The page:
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President Joe Biden prepares to board Air Force One at Yokota Air Base in western Tokyo, Tuesday, May 24, 2022.

President Joe Biden prepares to board Air Force One at Yokota Air Base in western Tokyo, Tuesday, May 24, 2022. (Kelly Agee/Stars and Stripes)

WASHINGTON — The Treasury Department on Tuesday took a major step toward pushing Russia into a government default, announcing it would no longer allow the Kremlin to make debt payments owed to American bondholders.

The move will make it much harder, if not impossible, for Russia to avoid a default — a breach of its national debt commitments — which Moscow has tried to prevent since launching the war in Ukraine.

The Biden administration imposed sanctions on Russia’s central bank shortly after the start of the war, but it issued a special license exempting bond payments, allowing Russia to continue to pay its loan obligations. But that license was set to expire this week, and the Treasury Department is now saying it will not be renewed. That means American banks will not be able to process debt payments when Russia tries to make them. In total, the Russian government owes about $20 billion worth of bonds, mostly in dollars, and it owes about $500 million in interest payments over the next month, according to Gerard DiPippo, a senior fellow with the economics program at the Center for Strategic and International Studies.

“This will make the likelihood of a default now significant,” said Adam Smith, a partner at Gibson Dunn and a former Obama administration sanctions official. “We’ve never done this to an economy like this before.”

The Treasury Department’s announcement represents part of a much broader financial campaign against Russia in response to the invasion. Russia’s economy is set to contract by as much as 15% as a result of the West’s sanctions, according to the White House, as the United States and its allies have targeted Kremlin elites, prevented Moscow from accessing its international currency reserves and blocked key technology imports, among other measures.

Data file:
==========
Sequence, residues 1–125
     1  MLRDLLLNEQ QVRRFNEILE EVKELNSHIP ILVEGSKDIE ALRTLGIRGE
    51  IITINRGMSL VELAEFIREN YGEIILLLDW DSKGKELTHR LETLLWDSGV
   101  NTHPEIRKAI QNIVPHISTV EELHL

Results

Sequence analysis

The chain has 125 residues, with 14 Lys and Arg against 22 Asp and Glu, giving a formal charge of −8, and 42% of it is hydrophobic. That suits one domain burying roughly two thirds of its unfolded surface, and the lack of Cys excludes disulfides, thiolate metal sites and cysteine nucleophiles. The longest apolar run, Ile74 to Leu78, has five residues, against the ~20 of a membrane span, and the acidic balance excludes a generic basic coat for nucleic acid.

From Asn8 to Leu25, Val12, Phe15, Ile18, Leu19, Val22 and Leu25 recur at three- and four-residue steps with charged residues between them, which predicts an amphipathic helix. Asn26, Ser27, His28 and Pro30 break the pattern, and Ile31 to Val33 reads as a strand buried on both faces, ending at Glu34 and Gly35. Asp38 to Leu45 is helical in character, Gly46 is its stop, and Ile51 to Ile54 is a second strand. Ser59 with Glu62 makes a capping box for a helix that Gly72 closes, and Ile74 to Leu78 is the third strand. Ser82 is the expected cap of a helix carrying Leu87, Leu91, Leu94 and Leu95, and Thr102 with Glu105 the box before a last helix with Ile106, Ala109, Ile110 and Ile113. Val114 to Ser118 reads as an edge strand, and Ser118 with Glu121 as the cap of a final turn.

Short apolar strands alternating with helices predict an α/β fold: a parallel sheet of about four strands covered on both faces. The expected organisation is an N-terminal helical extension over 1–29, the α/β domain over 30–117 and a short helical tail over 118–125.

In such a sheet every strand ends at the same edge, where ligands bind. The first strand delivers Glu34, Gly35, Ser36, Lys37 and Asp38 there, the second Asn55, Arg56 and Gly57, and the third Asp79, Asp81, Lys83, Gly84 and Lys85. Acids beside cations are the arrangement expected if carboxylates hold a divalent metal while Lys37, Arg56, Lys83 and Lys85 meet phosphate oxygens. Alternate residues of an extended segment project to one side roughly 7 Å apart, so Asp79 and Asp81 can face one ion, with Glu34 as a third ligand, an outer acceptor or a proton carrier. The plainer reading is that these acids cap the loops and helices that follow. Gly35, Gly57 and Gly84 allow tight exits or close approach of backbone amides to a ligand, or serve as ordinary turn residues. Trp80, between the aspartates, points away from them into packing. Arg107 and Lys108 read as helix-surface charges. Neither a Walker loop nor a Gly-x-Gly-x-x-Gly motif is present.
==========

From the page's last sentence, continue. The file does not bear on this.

Being forced into a debt default would add to the list of Russia’s economic black marks, although experts give different assessments of its immediate impact on the Russian economy. In Germany last week at a conference of economic officials from the Group of Seven Western industrialized nations, U.S. Treasury Secretary Janet Yellen downplayed the repercussions of a Russian default, pointing out that the country is already largely unable to raise funds from international creditors because of the existing sanctions and investor flight over the war.

“Russia is not able right now to borrow in global financial markets. It has no access to capital markets,” Yellen told reporters. “If Russia is unable to find a legal way to make these payments and they technically default on their debt, I don’t think that really represents a significant change in Russia’s situation. They are already cut off from global capital markets, and that would continue.”

Still, a Russian default would represent an enormous decline in its international pedigree. Governments issue debt to raise money, but they must meet payments on what they owe to attract international capital and ensure low borrowing costs. Although hit repeatedly by international financial sanctions since the war began in late February, Russia has to this point met its obligations to international bondholders. Some sanctions experts say failure to make those payments would cement long-term consequences for Russia, ensuring investors stay away from the country even if the war ends.

Russia is expected to try to find alternative routes to make the payments, but it is unclear whether it will be able to do so. Ariel Cohen, a senior fellow at the Atlantic Council Eurasia Center and a member of the Council on Foreign Relations, said it was possible that Russia — buoyed by energy sales — could still find a way around U.S. financial institutions to pay bondholders. But he said he doubted the country’s ability to do so.

“This shows the strategy being pursued to cripple the Russian economy and make it pay for a long time,” said Mark Sobel, who previously served as deputy assistant secretary for international monetary and financial policy at the Treasury Department. “They’re going to suffer a deep recession, and the money won’t come back. This default is part of that.”


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